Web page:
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									         USING CALICIOID LICHENS AND FUNGI TO ASSESS ECOLOGICAL
                    CONTINUITY IN THE ACADIAN FOREST
                                                Steven B. Selva
Division of Natural and Behavioral Sciences, University of Maine at Fort Kent, Fort Kent, ME 04743
                                        sselva@maine.edu

Using lichens to assess ecological continuity in forest ecosystems was pioneered by Francis Rose in
the British Isles. Rose established that oak woodlands in Britain, which have retained some degree
of long-term ecological continuity, support significant lichen assemblages, which are absent or
poorly represented in woods where disruption to ecological continuity has occurred to a greater or
lesser degree. He concluded that these species represent a “relict flora” and developed the concept of
their use as “indicator species” for grading woodlands on a scale of increasing or decreasing levels of
past disturbance. Reasoning that the methods of Rose could also be used to assess the continuity of
forest ecosystems in northeastern North America, old-growth indicator lichens were identified and
indices were developed to assess the ecological continuity of northern hardwoods and spruce-fir
stands in the Acadian Forest Ecoregion.

Given the wide variety of potential microhabitats that characterize aging forests, and the fact that an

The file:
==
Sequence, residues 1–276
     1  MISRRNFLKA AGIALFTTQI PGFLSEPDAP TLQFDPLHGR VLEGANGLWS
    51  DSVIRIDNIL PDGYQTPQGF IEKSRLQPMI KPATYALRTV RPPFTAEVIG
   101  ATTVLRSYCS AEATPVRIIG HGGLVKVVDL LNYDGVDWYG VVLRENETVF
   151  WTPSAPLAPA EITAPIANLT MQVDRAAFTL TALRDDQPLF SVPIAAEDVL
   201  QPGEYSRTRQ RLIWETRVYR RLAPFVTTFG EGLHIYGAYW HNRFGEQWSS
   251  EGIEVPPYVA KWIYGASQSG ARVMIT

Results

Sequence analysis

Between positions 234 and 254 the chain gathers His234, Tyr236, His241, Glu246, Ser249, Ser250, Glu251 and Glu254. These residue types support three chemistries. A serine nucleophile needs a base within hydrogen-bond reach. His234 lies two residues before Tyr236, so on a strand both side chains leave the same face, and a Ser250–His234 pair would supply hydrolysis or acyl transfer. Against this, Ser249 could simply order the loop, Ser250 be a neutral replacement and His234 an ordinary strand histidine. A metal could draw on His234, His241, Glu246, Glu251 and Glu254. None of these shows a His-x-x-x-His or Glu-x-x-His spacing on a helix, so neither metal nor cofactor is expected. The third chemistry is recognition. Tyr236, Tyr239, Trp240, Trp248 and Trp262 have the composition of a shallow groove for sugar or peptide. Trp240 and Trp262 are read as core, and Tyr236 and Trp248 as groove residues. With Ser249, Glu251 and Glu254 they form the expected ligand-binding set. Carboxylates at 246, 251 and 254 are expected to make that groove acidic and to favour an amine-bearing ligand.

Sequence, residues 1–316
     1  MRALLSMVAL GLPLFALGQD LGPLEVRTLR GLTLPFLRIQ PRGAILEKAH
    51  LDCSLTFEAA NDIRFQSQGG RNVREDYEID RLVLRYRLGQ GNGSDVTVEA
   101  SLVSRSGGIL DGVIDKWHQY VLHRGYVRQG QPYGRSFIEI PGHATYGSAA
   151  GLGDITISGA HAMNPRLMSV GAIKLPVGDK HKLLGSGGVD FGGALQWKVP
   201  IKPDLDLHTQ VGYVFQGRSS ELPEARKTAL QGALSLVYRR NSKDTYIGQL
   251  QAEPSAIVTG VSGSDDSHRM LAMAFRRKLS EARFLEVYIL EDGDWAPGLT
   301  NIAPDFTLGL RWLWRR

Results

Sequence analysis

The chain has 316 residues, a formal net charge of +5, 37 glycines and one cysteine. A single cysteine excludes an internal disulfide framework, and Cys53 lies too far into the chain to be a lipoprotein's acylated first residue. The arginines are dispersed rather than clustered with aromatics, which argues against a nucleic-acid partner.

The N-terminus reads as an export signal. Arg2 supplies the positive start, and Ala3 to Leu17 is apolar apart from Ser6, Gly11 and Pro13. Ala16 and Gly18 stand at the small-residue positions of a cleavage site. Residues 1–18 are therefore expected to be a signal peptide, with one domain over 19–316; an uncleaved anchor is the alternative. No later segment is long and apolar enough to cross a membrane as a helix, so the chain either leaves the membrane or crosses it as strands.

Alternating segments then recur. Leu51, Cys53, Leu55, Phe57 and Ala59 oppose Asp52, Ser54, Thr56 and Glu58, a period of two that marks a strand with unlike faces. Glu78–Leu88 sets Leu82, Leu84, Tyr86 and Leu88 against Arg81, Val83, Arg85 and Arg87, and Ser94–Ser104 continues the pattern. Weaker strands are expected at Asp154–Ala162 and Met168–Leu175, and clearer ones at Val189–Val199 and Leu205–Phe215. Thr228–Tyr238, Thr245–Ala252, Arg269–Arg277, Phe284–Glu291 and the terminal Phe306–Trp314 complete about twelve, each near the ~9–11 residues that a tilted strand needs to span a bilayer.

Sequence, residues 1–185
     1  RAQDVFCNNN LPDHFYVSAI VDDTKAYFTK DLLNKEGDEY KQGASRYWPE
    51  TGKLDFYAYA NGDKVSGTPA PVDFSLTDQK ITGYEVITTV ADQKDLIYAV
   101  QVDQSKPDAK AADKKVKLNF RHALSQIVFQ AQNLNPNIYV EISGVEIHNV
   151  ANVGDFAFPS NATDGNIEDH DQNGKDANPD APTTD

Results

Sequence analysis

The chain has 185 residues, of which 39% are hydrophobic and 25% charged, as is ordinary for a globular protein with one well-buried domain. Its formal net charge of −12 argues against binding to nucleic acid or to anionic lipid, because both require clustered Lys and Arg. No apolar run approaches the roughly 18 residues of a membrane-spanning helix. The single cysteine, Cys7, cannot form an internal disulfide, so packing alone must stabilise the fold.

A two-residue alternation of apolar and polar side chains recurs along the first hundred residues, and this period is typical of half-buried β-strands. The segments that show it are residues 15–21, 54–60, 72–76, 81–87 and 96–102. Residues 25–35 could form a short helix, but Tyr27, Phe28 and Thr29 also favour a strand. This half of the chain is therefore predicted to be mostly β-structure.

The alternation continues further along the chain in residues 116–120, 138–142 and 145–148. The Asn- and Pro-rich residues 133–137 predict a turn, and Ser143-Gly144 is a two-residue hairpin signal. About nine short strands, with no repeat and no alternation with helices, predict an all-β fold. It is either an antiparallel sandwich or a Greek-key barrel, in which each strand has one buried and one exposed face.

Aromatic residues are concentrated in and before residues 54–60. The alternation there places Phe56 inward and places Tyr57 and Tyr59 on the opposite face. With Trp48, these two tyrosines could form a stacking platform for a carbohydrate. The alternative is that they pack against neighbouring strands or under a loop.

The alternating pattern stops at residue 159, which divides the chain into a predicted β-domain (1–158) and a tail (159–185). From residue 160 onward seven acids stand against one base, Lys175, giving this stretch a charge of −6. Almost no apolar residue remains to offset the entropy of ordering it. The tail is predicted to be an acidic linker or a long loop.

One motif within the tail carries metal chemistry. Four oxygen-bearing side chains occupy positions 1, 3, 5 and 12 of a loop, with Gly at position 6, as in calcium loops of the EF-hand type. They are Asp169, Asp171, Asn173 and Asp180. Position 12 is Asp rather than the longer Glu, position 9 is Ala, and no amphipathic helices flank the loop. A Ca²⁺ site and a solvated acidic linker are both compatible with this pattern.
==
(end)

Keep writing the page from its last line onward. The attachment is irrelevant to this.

analysis of ecological continuity using the methods of Rose is only as valid as species inventories are
complete, such investigations are often as daunting as they are time consuming. A more efficient
method is suggested in the conclusions of Selva (1994), who showed that, not only do epiphytic
lichen floras become richer over time—with older stands harboring more rare species—but the total
number of calicioid lichens and fungi collected at a site is, itself, an indicator of continuity. With
calicioid taxa found growing in more forest microhabitats than any other group of species, it is
argued that an assessment index based on the total number of calicioid species collected at a site
provides a more accurate assessment of continuity than an assessment following the methods of
Rose. The higher the number of calicioid species collected at a site, the more ancient the site, and
vice versa.

Commonly called the “stubble lichens” because of their small size, the calicioid lichens and fungi
are an assemblage of saprophytic, parasitic and lichenized fungi that can be distinguished, in part,
by their tiny (1-2 mm tall) stipitate apothecia. They colonize a variety of substrates including the
bark and lignum of numerous angiosperm and gymnosperm species. Most species show clear
substrate preferences, with many of the rarer calicioid species restricted to old-growth and ancient
forest sites. Once established—and because dispersal is limited—these ancient forest indicators
require ecological continuity of mature trees and a constant supply of substrate in various stages of
decomposition to persist.

To date, the ecological continuity of 78 northern hardwoods and spruce-fir stands in the Acadian
Forest Ecoregion have been assessed using this calicioid species index, 17 of which are considered
ancient forest sites.




Proceedings of the New England Society of American Foresters 85th Winter Meeting   GTR-NE-325           73

								
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